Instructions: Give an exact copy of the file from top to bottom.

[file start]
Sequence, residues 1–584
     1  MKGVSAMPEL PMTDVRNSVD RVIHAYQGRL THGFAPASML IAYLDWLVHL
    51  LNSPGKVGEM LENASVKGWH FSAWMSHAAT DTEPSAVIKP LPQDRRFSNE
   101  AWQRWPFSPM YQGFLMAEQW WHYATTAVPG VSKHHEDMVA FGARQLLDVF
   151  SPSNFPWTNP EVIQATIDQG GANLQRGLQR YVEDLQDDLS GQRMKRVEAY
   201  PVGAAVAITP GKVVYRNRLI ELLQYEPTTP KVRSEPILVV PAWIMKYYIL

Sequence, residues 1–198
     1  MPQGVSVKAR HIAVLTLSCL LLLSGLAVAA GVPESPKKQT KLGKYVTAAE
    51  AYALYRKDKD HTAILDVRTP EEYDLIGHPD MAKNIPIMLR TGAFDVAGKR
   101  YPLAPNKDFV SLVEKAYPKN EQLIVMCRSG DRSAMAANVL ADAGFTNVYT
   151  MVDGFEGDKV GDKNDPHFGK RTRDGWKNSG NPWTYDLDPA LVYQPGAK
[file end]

Sequence, residues 1–584
     1  MKGVSAMPEL PMTDVRNSVD RVIHAYQGRL THGFAPASML IAYLDWLVHL
    51  LNSPGKVGEM LENASVKGWH FSAWMSHAAT DTEPSAVIKP LPQDRRFSNE
   101  AWQRWPFSPM YQGFLMAEQW WHYATTAVPG VSKHHEDMVA FGARQLLDVF
   151  SPSNFPWTNP EVIQATIDQG GANLQRGLQR YVEDLQDDLS GQRMKRVEAY
   201  PVGAAVAITP GKVVYRNRLI ELLQYEPTTP KVRSEPILVV PAWIMKYYIL

Sequence, residues 1–198
     1  MPQGVSVKAR HIAVLTLSCL LLLSGLAVAA GVPESPKKQT KLGKYVTAAE
    51  AYALYRKDKD HTAILDVRTP EEYDLIGHPD MAKNIPIMLR TGAFDVAGKR
   101  YPLAPNKDFV SLVEKAYPKN EQLIVMCRSG DRSAMAANVL ADAGFTNVYT
   151  MVDGFEGDKV GDKNDPHFGK RTRDGWKNSG NPWTYDLDPA LVYQPGAK